Kelly Jensen Don’t Call Me Crazy: Navigating Mental Health with Compassion, Unde

October 17th, 2019 | Schofield Hall, University of Wisconsin–Eau Claire 105 Garfield Ave | Location: Eau Claire

Kelly Jensen Don’t Call Me Crazy: Navigating Mental Health with Compassion, Unde

October 17th, 2019 | Schofield Hall, University of Wisconsin–Eau Claire 105 Garfield Ave | Location: Eau Claire

This event is co-sponsored by the Katherine S. Schneider Disability Issues Forum and the University of Wisconsin-Eau Claire Foundation. Captioning and sign language interpreting will be provided by the L. E. Phillips Family Foundation. Sally Webb has provided additional support.

While roughly 20% of Americans live with a mental illness, more than half of those who suffer have gone untreated for the past year. Kelly Jensen, author of (Don’t) Call Me Crazy: 33 Voices Start the Conversation about Mental Health, will talk about her own experiences with depression and anxiety as well as where and how she decided to get help for herself when she turned 30. Using what she learned from her own life, Jensen will discuss where and how to talk about mental health, as well as tools and resources for cracking open those discussions.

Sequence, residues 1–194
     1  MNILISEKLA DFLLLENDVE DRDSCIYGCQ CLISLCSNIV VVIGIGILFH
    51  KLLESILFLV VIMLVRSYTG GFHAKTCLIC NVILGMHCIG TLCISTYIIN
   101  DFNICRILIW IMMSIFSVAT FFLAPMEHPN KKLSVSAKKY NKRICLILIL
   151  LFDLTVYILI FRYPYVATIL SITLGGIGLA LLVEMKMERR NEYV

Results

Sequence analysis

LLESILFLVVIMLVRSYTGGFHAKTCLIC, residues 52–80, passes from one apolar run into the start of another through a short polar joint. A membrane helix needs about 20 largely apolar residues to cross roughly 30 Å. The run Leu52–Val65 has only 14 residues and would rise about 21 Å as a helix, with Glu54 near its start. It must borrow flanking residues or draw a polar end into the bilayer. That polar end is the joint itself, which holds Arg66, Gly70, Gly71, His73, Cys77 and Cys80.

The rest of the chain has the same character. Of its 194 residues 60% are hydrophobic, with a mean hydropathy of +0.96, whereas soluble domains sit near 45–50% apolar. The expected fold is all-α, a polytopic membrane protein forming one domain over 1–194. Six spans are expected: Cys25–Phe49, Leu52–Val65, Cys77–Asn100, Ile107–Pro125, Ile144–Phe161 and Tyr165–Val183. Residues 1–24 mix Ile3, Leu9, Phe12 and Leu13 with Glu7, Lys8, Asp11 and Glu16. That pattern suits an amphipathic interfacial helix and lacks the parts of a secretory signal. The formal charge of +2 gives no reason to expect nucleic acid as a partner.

>> The University of Wisconsin–Eau Claire Bookstore will have copies of (Don’t) Call Me Crazy: 33 Voices Start the Conversation about Mental Health for sale at a reception and book signing in the Davies Center immediately after the event. Light refreshments will be available.


KELLY JENSEN is a former teen librarian who worked in several public libraries before pursuing a full-time career in writing and editing. Her current position is with Book Riot, where she focuses on talking about young adult literature in all of its manifestations. Her books include Here We Are: Feminism for The Real World and (Don’t) Call Me Crazy: 33 Voices Start the Conversation about Mental Health, a collection of art, essays, and words to launch a powerful and important conversation about mental health. It was named a best book of 2018 by the Washington Post and earned a Schneider Family Book Award Honor.

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